The Unlikely Hero of Room 13B by Teresa Toten
If I could be a superhero, I would choose Storm from X-Men because I would love to be able to influence the weather. Adam, the protagonist in Teresa Toten’s The Unlikely Hero of Room 13B, faces this superhero choice in his young adult OCD support group. Ultimately deciding on Batman in an attempt to connect with the girl who chose Robin, Adam decides that he will do whatever it takes to save this girl he is so drawn to. He makes plans to be her superhero, but throughout this touching book about trying to be normal when everything around you isn’t, Adam discovers that Robyn Plummer might not be the one in need of saving. As I read this book, I found myself laughing out loud on one page to then getting choked up on the next. Teresa Toten really takes her readers on a rollercoaster of emotions as Adam navigates his OCD, new relationships, friendships, living with divorced parents, and finding the strength to ask for help. I found that as I read, there were several songs that kept popping into my head and connected with characters or actions.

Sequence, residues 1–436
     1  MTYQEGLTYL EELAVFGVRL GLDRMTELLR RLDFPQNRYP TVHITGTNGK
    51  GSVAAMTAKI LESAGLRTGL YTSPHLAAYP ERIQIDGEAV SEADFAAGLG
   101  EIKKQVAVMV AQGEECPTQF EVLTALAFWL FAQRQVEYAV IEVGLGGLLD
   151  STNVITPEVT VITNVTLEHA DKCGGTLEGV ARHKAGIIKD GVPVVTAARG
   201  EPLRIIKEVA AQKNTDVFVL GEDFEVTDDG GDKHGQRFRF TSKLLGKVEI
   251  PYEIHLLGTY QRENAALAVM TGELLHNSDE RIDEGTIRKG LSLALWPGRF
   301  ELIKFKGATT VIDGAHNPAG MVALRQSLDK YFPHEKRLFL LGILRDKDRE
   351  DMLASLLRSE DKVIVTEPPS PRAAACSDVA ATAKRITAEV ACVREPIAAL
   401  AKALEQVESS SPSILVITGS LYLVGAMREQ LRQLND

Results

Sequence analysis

The theme song from Rocky is the perfect track for every time the characters climb the stairs to support group. Not only are they making their way up numerous flights which I would argue is as physically exerting as Rocky’s efforts to climb the steps leading to the art museum in Philly, but the climb also symbolizes their struggle with their OCD manifestations. Each time the characters are able to make it up those stairs, Adam feels like they are taking steps (literal and figurative!) toward managing their OCD. Next, each time Robyn and Adam walk through the graveyard and stop at her mother’s grave, I heard The Fray’s “How to Save a Life.” Robyn is working through her mother’s death, as well as the decisions and lies she made/told. Adam is desperately trying to be everything to Robyn and “save” her so this song is really fitting for those interactions. I especially think the lines about “smiling politely” are fitting because both characters start out as really apprehensive toward one another and striving to seem “normal” to each other. Another song that fits in with Adam’s story is “Come Away with Me” by Norah Jones. I picture this song anytime Adam is in his mother’s house. First, I think all the “come away with me” lines fit in with how Adam’s stepmother feels about Adam being in his mother’s house. She wants him to move in with them because she thinks it will be better for him. Second, as the reader, I want Adam out of there! His mother is trying, and clearly loves Adam, but the environment in that home is not good for him as he works to manage his OCD.